- You can use the same filters on many different lenses. With a filter kit like the one shown above, you can adjust the filter holder to meet different lens diameters.
- You can easily stack filters to multiply the power of the filters. For example, you can put a 6-stop and a 3-stop ND together for the equivalent performance of a 9-stop ND.
- Square and rectangular filters often have less vignetting because their surface extends well beyond the edges of the camera's lens.
- These filters are much larger than their circular counterparts, so care must be taken when using them and transporting them.
- Square and rectangular filters can be very fragile, especially if you opt for a cheap filter instead of one that's constructed well.
- These filters require a bit more setup time as you need to mount them and unmount them when you pack your gear for the next shoot location.
- They're easy to setup. In fact, you can screw the filter onto your lens and simply leave it there for the next time.
- Circular filters are stackable - just screw one filter onto another.
- Circular filters tend to stand up to abuse more so than square or rectangular options.
- Circular filters aren't a one-size-fits-all solution. If you have multiple lenses of different diameters, you either need to buy filters for each lens or use adapter rings.
- Cheap circular filters can have vignetting, though this isn't a problem with well-constructed circular filters that have a small profile, like the Circular Firecrest ND filter shown above.
There are two major types of photography filters - circular, which screw onto the end of the lens, and square, which are mounted in front of the lens using a special filter mount.
Both types of filters have their virtues, especially if you opt for a filter that's well-made and gives you results that are sound.
Both types of filters also have their advantages and disadvantages.
That means you have a choice to make...
Consult the guide below to determine what type of filter is best for your needs.
As noted earlier, square (or rectangular) filters are most often attached to your lens by using a lens holder, like the one seen above.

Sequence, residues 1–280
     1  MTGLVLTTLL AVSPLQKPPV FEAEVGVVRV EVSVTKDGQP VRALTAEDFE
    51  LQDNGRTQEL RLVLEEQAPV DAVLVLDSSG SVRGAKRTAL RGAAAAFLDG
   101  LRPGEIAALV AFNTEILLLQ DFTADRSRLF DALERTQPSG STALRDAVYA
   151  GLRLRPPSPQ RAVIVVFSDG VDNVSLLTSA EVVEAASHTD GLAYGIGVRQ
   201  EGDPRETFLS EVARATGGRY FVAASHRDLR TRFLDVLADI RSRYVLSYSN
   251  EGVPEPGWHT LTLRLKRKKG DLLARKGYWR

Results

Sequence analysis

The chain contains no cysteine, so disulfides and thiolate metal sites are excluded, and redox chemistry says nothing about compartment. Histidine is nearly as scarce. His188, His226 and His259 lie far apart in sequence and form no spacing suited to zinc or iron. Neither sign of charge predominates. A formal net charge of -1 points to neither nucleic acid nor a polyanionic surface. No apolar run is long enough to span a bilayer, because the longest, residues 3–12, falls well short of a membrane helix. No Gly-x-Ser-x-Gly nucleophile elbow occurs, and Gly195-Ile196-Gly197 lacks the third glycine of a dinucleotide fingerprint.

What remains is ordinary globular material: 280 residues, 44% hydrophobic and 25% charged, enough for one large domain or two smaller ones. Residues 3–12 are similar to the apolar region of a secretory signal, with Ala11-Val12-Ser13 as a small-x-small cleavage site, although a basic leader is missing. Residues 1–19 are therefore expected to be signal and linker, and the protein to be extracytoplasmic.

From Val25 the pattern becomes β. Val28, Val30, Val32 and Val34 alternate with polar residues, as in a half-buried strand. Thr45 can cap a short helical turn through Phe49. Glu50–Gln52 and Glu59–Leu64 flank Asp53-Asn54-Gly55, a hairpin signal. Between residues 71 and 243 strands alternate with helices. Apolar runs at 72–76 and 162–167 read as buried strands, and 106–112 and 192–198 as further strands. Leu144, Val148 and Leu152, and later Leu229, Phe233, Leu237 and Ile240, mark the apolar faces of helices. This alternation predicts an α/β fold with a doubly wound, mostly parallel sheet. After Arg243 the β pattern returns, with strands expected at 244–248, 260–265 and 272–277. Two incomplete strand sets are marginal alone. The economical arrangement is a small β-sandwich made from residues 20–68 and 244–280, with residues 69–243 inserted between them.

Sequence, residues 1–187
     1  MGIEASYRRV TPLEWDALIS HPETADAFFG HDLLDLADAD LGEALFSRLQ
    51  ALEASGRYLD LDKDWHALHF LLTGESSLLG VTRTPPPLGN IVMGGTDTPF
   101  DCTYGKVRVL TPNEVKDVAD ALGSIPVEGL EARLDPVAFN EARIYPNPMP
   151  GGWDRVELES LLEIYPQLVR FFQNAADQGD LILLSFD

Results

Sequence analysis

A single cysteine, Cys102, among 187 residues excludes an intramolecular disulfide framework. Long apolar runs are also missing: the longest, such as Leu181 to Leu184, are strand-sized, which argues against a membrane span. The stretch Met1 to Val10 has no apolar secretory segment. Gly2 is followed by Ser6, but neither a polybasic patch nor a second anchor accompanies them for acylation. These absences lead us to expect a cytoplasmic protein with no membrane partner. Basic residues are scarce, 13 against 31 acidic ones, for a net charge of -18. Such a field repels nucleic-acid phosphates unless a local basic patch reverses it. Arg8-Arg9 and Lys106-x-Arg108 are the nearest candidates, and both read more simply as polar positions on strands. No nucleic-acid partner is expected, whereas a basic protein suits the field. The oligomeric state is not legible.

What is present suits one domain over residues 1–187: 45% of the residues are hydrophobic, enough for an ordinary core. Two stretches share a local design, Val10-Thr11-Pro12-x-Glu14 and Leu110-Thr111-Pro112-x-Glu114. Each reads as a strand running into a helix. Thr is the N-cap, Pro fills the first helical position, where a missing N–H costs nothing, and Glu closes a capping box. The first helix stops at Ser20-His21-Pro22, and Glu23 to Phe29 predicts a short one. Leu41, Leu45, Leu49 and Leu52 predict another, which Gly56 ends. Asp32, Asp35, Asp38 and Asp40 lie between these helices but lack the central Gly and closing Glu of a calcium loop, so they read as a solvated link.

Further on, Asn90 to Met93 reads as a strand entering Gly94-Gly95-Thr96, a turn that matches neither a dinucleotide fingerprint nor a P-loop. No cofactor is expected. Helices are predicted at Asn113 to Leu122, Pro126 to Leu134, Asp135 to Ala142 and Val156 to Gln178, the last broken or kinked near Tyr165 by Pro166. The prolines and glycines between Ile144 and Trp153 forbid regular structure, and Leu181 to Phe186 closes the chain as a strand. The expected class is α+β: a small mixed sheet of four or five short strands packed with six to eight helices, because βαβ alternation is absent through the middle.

These lens mounts can accommodate a variety of sizes of filters and have a host of other hardware that makes the use of square or rectangular filters a breeze. This includes threaded adapter rings and step down rings to accommodate different sizes of lenses.
Square and rectangular filters are made from resin or glass and are offered in a wide range of sizes to accommodate different types of camera systems.
For many photographers, a 100mm filter (like the one shown above) - which is four inches square - is the go-to size. However, you can often find filters that range from 67x85mm to 165x185mm.
Square and rectangular filters can be used for all sorts of purposes as well.
Perhaps most common are neutral density filters that are used to reduce the amount of light entering your lens to achieve longer shutter speeds.
Also popular are graduated neutral density filters, which allow you to darken the sky and lighten the foreground when photographing landscapes for a more even exposure.
This type of filter offers photographers plenty of advantages:
Though square and rectangular filters have a lot to offer, there are a couple of things of which to be aware:
Unlike square filters, circular filters are made to screw onto the end of a specific sized lens. Naturally, the size of the filter you buy is directly dependent upon the diameter of the lens you use.
However, like square filters, you can get adapters to adjust the size of a circular filter to different sized lenses.
The trick is to buy the filter such that it fits your largest lens, and then use a step adapter to make it fit a smaller one.
For example, if you have a lens with a 67mm thread and another with a 58mm thread, you'd buy the 67mm size and an adapter to accommodate the 58mm thread as well.
Photo filters from outfits like Formatt-Hitech come in a wide range of sizes, from 39mm on the small end to a robust 127mm on the large end.
There is just as much variety in circular filters as there is in square filters as well.
Pick up a circular polarizer, a circular soft-edge graduated ND (as shown above), a circular ND, and even circular UV filters to protect your lens glass.
People that purchase a circular filter do so because of the many advantages they provide:
When considering a circular filter, bear the following in mind:
Making a Decision
Ultimately, when you buy a filter, so long as it's something that's of a high quality, you can go with a square or a circular filter and get great results.
As noted above, square filters are nice because you can use them with virtually any size of lens.
On the other hand, circular filters are quicker to use because you can simply screw them onto your lens without worrying about using a lens mount.
What it will come down to is what you think fits best with your workflow and the type of lens you feel most comfortable using.